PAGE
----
Everywhere, Signs by Anita Felicelli

Introduction to December 2015 Issue

The answer for me back then was yes—most numbers vibrated. They vibrated in Pittsburgh, they vibrated in Chennai, and the sense that I was deeply connected to everything in the world by numbers was infinitely comforting to me. My toes quivered when Miss Wabash—despised by the other fifth graders for her strictness—teased out these reverberations in purple chalk during the math hour. Amma, noticing how much I loved numbers, had asked Miss Wabash to give me extra math worksheets, even though it was not computation that thrilled me, but the numbers themselves—the accounting of all that was domestic or wild, safe or dangerous, a kind of language that remained stable no matter the city. I faithfully tallied the number of fruit jelly candies Amma bought at the green grocer’s, the number of perforated ceiling tiles in my father’s office, the number of thrushes sipping from the bird bath by my classroom, the number of former friends that called me a terrorist in the months after 9/11.

The trouble began during our annual three-week winter trip to Chennai in 2001, just a few days before we returned home. The prospect of returning to Pittsburgh filled me with dread, even though this time my grandfather was coming to live with us because his heart condition was worsening. We were staying at his small, sparely furnished two-bedroom flat with its orange and white tile floors and pit toilet. Thatha was a retired mathematics professor and the beige walls were lined with overflowing bookshelves. It was a Friday with no cosmic significance according to the numerology book I'd convinced my mother to buy that morning. Yet it remained seared in my memory because for many years afterwards, my mind worried over how easily everything could have gone differently. If only they had. 

After lunch, I'd read the frontispiece of the numerology book: an optimistic promise that inside were answers about why there was so much chaos in the world. I finished calculating my family's karmic numbers according to the instructions, and then I'd laid out all of Thatha's heart pills on the dresser and counted them. Sixty-one. When I was done counting, I gathered the pills and rearranged them in their five respective bottles. I wandered out to the narrow cul-de-sac in front of my grandfather's stucco split-level. On the porch, my grandfather was smoking a cigar while my mother scolded him for not taking care of his health in a blend of Tamil and English. "You're doing this to yourself," she said. Thatha rubbed his swollen legs under his veshti. I didn't like how shrill Amma's voice got when she spoke to my grandfather, and tried to hurry past them with my book in hand.

"Put that rubbish book away," my grandfather called after me. I pretended I didn't hear him, although he continued chastising my mother for buying the book as I walked into the cul-de-sac.

Pot-bellied clouds, the grey of gunshot, rolled overhead, signaling an impending monsoon. Up the street, near the busy intersection, idle young men chewing betel leaves hovered on the sidewalk and cattle lumbered alongside nimble yellow rickshaws and bulky motorcyclists and honking cars. In the other direction, housewives squatted in front of their houses drawing elaborate kollam with white, pink and green chalk. The neighborhood kids chased each other screaming and laughing, and for a moment, I wished I was among them. My old friends from the convent school had returned to the classroom after Christmas, so I'd tried to play with the neighborhood kids, but my accent had changed in the three years since we'd moved to the States, and they'd mocked me. It was not as painful as my life in Pittsburgh, where the kids teased me about the veil of downy hairs on my upper lips and arms, and shunned me because my mother packed me lunches of rice and sambar in a steel tiffin every day. Some of the girls had told me sambar was the grossest thing they had ever smelled or seen someone eat. Often, one of the boys would grab the tiffin tin and throw it away, leaving me to fish through the trash for the tin so I wouldn't have to explain to my mother why I'd come home without it.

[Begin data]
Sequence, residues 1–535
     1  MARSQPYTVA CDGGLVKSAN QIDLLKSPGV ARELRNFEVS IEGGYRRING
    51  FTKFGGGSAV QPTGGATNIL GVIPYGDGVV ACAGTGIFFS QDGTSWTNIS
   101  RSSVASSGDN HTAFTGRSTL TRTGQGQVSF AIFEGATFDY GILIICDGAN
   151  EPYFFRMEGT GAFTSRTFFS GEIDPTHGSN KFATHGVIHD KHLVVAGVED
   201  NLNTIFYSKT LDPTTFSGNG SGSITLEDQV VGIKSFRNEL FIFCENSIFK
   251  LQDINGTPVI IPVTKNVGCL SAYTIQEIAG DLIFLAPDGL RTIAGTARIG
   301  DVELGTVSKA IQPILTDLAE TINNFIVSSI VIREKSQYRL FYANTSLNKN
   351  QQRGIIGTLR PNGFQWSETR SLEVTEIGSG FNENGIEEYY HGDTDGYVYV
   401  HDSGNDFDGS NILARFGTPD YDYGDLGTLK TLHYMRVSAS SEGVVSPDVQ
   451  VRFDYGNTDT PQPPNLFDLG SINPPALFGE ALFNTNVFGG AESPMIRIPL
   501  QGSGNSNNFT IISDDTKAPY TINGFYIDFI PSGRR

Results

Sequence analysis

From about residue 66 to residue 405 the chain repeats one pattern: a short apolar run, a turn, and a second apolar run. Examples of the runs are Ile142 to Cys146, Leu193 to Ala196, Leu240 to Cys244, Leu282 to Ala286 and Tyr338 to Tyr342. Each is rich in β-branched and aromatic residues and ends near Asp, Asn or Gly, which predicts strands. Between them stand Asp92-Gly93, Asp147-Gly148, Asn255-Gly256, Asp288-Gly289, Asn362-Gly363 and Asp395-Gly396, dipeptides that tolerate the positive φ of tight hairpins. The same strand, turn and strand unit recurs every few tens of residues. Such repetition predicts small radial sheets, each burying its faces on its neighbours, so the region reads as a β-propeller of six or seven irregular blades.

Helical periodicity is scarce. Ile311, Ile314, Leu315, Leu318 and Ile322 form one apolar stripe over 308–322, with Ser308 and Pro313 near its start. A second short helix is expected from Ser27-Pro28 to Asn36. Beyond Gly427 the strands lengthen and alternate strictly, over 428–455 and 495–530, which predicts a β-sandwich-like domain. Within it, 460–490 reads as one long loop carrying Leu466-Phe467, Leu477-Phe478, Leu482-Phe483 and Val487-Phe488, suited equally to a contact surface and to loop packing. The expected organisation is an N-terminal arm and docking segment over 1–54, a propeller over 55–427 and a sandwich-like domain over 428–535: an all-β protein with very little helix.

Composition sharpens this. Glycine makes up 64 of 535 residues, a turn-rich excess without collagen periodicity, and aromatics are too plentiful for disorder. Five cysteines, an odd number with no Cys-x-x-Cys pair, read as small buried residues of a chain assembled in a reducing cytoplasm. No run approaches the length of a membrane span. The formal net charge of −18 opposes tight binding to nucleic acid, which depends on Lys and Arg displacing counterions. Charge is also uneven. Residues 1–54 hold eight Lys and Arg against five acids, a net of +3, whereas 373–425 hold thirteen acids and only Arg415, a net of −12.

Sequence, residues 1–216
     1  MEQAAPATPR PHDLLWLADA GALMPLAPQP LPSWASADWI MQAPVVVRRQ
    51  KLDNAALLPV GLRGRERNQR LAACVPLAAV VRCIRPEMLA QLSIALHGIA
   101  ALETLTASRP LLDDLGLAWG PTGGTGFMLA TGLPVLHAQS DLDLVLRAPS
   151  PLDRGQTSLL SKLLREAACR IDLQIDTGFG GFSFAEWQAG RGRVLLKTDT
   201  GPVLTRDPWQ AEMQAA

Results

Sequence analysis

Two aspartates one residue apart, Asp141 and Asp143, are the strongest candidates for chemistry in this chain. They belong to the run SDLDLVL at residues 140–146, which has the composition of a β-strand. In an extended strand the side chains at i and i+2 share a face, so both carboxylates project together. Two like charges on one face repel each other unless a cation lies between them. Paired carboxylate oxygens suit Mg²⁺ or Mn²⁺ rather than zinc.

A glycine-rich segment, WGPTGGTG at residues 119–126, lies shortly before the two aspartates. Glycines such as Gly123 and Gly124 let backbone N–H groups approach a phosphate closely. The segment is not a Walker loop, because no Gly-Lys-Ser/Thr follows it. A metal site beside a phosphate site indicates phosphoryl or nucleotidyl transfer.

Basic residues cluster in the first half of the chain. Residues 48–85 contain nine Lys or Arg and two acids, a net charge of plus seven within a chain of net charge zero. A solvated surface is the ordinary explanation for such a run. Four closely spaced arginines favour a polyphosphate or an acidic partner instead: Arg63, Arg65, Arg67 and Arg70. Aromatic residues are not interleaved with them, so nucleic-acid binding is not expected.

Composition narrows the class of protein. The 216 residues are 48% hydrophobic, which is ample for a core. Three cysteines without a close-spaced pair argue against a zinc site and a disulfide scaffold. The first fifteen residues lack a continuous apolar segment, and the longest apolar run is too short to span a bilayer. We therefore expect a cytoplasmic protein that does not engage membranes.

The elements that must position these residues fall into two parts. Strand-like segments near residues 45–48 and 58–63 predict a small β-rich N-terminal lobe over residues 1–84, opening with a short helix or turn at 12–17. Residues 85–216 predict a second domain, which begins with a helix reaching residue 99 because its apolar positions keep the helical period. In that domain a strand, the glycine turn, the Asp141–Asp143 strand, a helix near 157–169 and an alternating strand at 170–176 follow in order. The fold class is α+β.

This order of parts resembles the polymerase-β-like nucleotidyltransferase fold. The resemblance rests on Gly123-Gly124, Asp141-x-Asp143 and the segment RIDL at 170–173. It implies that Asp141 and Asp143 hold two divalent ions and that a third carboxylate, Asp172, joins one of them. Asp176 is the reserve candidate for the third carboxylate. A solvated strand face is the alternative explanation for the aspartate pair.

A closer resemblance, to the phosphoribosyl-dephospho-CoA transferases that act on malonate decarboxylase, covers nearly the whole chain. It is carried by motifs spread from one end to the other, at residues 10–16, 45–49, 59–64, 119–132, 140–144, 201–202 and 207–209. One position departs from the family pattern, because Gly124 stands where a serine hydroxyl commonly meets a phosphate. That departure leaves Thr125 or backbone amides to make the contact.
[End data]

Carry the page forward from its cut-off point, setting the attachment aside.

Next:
Next door were our family friends, the Kumaraswamys, who we'd known well before we moved to Pittsburgh three years before.  Through the crisscrossed black metal bars of their front gate, I saw Latha Kumaraswamy sitting with her toddler in the dimly lit room, listening to the Rolling Stones' "Sympathy for the Devil." 

I called through a diamond-shaped opening. 

Latha unlatched the heavy gate and tugged it open. “What do you need, Hagar kutty?” 

I asked for her birthdate, explaining about the numerology book, its practical magic, and how much it seemed to explain. She sniffed. “We don’t believe in that kind of superstitious nonsense,” she said, but invited me in for tea. 

In the sitting area, an army of porcelain animal figurines looked out from the curiosity cabinet. Anju placed a doll’s cup in front of me. “Paal venama?” I nodded and she poured milk into the cup.